The most important common requirement is the capability to rapidly ingest and organize data from any source and in any format.  For many organizations, this has historically meant using SAS.  (A surprisingly large number of analytic teams use SAS to ingest and organize the data, but perform the actual analysis using other tools).    Growing data volumes, however, pose a performance challenge for the conventional SAS architecture, so analytic teams increasingly look to data warehouse appliances like IBM Netezza, to Hadoop, or a combination of the two.

In the next post, I’ll cover Managerial Analytics, which includes analytics designed to monitor and optimize the performance of programs and products.

Recent Books on Analytics

For your Christmas gift list,  here is a brief roundup of four recently published books on analytics.

Business Intelligence in Plain Language by Jeremy Kolb (Kindle Edition only) is a straightforward and readable summary of conventional wisdom about Business Intelligence.  Unlike many guides to BI, this book devotes some time and attention to data mining.  As an overview, however, Mr. Kolb devotes too little attention to the most commonly used techniques in predictive analytics, and too much attention to more exotic methods.  There is nothing wrong with this per se, but given the author’s conventional approach to implementation it seems eccentric.  At $6.99, though, even an imperfect book is a pretty good value.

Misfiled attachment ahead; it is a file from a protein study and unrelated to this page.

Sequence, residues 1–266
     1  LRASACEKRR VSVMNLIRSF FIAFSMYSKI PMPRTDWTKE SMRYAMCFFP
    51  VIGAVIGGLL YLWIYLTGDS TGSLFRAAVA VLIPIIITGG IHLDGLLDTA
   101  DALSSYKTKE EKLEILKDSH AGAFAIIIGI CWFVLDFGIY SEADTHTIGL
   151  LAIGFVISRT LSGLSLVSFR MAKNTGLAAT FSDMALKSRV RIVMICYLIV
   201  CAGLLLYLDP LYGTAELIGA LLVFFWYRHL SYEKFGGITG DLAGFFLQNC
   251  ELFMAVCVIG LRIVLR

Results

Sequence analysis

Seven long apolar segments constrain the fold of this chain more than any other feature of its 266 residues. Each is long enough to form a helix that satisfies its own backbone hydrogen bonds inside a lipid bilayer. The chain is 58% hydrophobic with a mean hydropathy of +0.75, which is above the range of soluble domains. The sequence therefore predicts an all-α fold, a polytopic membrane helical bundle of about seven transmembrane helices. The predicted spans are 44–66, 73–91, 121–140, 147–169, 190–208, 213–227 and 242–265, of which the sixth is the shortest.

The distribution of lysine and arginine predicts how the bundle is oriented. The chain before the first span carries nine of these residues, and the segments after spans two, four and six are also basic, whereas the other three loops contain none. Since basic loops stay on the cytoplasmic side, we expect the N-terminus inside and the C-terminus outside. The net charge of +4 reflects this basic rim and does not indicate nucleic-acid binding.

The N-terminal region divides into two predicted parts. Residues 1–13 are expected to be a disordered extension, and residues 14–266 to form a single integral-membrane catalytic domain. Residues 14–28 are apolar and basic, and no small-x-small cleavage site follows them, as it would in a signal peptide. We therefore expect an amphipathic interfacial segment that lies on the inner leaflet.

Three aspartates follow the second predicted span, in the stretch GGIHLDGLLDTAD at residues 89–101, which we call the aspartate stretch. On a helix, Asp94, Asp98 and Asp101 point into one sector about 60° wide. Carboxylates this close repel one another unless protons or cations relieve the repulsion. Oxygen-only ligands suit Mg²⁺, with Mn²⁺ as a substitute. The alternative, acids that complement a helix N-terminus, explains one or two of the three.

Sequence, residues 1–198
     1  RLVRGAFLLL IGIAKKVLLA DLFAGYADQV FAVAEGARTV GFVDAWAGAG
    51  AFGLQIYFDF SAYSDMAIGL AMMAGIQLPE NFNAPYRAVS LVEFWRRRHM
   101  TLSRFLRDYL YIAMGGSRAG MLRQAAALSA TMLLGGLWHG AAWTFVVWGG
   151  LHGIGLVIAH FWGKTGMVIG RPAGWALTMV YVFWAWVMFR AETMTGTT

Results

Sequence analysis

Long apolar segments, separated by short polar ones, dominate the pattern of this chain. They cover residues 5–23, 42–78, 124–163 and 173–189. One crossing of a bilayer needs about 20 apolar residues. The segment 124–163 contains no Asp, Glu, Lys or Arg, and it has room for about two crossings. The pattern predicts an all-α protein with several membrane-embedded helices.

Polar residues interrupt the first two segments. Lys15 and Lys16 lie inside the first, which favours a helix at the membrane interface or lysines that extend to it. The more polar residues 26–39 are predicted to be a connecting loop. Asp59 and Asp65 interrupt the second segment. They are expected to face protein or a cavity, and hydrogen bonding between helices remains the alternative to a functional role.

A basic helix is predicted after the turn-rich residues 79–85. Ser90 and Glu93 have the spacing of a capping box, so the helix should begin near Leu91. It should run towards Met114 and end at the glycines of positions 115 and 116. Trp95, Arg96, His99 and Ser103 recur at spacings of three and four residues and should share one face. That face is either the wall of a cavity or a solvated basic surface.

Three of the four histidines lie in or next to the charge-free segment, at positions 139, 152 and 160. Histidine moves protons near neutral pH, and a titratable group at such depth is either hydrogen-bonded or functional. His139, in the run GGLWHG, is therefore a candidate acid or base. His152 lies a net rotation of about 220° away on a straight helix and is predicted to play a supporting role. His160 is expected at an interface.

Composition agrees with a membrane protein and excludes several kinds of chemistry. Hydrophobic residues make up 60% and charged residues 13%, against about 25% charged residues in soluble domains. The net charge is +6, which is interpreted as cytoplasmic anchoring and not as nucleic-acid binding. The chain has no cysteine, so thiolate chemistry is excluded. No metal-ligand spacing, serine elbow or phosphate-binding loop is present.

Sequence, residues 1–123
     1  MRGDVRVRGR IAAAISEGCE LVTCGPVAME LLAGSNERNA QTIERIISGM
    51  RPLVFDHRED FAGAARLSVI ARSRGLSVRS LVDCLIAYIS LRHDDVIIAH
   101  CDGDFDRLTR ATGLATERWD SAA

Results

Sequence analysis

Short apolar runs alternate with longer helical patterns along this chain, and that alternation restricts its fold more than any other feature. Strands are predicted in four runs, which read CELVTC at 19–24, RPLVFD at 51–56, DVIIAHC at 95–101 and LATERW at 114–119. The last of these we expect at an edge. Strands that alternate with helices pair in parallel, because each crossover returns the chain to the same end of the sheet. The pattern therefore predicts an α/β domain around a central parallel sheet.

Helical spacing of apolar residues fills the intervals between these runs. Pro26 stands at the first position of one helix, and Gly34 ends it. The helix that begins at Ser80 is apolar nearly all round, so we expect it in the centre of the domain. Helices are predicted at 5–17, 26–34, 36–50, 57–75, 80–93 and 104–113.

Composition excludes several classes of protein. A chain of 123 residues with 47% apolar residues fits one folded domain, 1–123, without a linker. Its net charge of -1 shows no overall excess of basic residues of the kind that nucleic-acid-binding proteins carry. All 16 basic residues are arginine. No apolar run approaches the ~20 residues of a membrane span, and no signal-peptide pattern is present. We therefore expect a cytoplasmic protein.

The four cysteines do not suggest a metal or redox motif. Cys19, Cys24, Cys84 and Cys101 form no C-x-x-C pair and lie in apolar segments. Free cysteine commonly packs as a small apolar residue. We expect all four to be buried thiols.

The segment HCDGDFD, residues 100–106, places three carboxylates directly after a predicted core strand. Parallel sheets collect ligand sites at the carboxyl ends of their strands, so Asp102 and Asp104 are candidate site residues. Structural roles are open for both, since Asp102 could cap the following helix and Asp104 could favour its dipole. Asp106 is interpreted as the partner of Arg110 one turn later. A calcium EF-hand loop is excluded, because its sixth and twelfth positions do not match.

Tom Davenport’s original Harvard Business Review article Competing on Analytics is one of the ten most-read articles in HBR’s history; Google Trends shows a spike in search activity for the term “analytics” concurrent with its publication, and steady growth in interest since them.  Mr. Davenport’s latest book  Enterprise Analytics: Optimize Performance, Process, and Decisions Through Big Data is a collection of essays by Mr. Davenport and members of the International Institute of Analytics, a commercial research organization funded in part by SAS.   (Not coincidentally, SAS is the most frequently mentioned analytics vendor in the book).  Mr. Davenport defines enterprise analytics in the negative, e.g. not “sequestered into several small pockets of an organization — market research, or actuarial or quality management”.    Ironically, though, the best essays in this book are about narrowly focused applications, while the worst essay, The Return on Investments in Analytics, is little more than a capital budgeting primer for first-year MBA students, with the word “analytics” inserted.  This book would benefit from a better definition of enterprise analytics, the value of “unsequestering” analytics from departmental silos, and more guidance on exactly how to make that happen.